For this exercise I will work with dry pastels (Sennelier soft) and oil pastels (Boehner studio brand and Caran d’Ache Neopastel artist quality). I do feel more comfortable to work in dry pastels from previous Drawing 1 unit. With oil pastels I had so far my troubles, too sticky, too bright, just didn’t got results I would be happy with. But I am open to learn perhaps a different approach to oil pastels in this unit, as to my understanding till now painting is more about color than markings. But perhaps I am wrong at all.
Experiment with dry pastels / water soluble
Experiment with oil pastels / turp. soluble
- Dry pastels behave quite differently compared with oil pastels. But considering right quality the results are similar.
- On a wet surface dry pastels have a more intense color.
- To use turp on oil pastels for blending turned out to be a critical measure for quality. The cheaper studio quality pastels do not have at all a good color intensity when washed down. Only with good artist quality pastels the color stays intense.
- Using my fingers with dry pastels feels quite intimate and like modelling with clay, quite sculptural. Good control on tone.
- Using a brush with turp. and oil pastels is a bit more tricky. Perhaps finger would give better control as well. With stippling with the brush I have more control.
- I can use oil pastels in wax resist technique for markings. Although it is better to be done with watercolour than ink.
- In combination with acrylic paint (underlayer) I feel that dry pastels do work better.
My paintings in pastels:
A) Dry pastels: working from photograph of a bronze statue in a local park (on dark grey pastelcard 30 x 40 cm)
=> I used a comb like tool for the markings in the hair. I applied first a thin layer of water with my fingers so that the markings stay denser. Incidentally some water rinsed down. Reminded me than of teardrops (although it is a statue). For the background I applied bolder abstract markings in green, blue and black. Overall I felt more at home with this piece. Wondering whether it would count rather as a drawing (because of the mark makings) or as painting (because of the color mixing on the body). I leave this question open. I think it is a quite successful piece.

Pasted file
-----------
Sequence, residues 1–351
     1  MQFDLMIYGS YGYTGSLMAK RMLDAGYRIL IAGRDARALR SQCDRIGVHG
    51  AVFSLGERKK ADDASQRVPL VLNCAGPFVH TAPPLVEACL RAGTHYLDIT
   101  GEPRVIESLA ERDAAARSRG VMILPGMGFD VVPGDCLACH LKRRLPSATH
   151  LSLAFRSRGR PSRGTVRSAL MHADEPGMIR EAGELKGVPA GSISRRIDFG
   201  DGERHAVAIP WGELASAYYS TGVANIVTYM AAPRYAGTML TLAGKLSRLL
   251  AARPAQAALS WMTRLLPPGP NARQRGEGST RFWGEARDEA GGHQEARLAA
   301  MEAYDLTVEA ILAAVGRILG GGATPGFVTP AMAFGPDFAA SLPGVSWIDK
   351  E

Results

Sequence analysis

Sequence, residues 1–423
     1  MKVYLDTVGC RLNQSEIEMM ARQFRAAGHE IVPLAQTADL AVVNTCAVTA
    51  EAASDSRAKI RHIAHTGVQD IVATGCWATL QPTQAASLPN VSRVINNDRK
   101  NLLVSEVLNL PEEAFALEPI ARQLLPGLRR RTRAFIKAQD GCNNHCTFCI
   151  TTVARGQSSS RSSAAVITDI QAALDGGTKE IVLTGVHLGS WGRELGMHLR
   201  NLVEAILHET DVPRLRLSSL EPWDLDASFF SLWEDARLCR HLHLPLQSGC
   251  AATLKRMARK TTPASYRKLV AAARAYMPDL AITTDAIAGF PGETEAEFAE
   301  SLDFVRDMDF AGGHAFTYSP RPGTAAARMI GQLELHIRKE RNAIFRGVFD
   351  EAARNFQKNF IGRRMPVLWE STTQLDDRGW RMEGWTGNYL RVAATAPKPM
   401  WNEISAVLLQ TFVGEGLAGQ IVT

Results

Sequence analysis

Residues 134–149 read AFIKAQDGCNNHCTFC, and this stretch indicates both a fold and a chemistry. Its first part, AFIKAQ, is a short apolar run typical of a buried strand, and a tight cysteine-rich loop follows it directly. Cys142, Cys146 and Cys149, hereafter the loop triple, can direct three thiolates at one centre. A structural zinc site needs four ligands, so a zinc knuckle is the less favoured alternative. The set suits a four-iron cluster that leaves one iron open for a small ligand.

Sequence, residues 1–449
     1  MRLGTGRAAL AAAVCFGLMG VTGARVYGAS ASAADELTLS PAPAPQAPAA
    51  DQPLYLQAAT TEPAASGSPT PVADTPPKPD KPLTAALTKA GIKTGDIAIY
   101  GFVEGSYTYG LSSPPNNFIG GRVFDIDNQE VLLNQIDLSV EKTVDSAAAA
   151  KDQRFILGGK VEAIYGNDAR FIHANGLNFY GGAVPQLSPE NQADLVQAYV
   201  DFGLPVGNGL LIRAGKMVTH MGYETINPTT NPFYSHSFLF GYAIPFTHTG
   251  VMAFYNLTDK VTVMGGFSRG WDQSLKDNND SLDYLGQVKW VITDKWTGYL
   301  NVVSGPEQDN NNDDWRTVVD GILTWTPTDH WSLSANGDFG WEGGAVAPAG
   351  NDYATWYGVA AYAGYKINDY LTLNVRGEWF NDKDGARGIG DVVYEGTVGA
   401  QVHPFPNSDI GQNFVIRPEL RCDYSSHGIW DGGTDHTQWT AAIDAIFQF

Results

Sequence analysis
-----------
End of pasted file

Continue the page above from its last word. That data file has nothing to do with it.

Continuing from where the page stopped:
B) Oil pastels: Working from photograph of a outdoor scene at local river (fall time) – on white A2 sized paper
=> I applied oil pastel marks and blended partly with turp. Perhaps a bit too illustrative. I left in the foreground more dry markings, washed down more the greenish color of the river. I feel the blue color of the sky is too intense, too opaque, contradicts the atmospheric depth perception. I feel that I am still a bit blocked by my previous experiences with oil pastels. I will see what else I could do with them. Important for me at this stage is that good quality pastels matter.
I consider this picture still rather as a technical study to learn more about how to use oil pastels and how to blend them.
- I enjoyed working on the two pastel pieces. The dry pastel one more successful. I felt more in my comfort zone there.
- Using my fingers was a good way to have control on blending colors. I am wondering how this could be pushed further.
- I like contrasting elements as:
– blending (statue, skin)
– mark making (hair)
– expressive simple strokes (background)
- I was surprised how close painting with pastels and painting with paint are to each other. The main difference I believe is the proximity to the surface. At times it is better to stand back and see the overall picture for make discerning decisions.
- Blending with oil pastels:
with fingers, cloth, tortillion, turn, others like scraping
Available from: http://www.oilpasteltechniques.com/blending-with-oil-pastels/ [accessed 19 Feb 2016]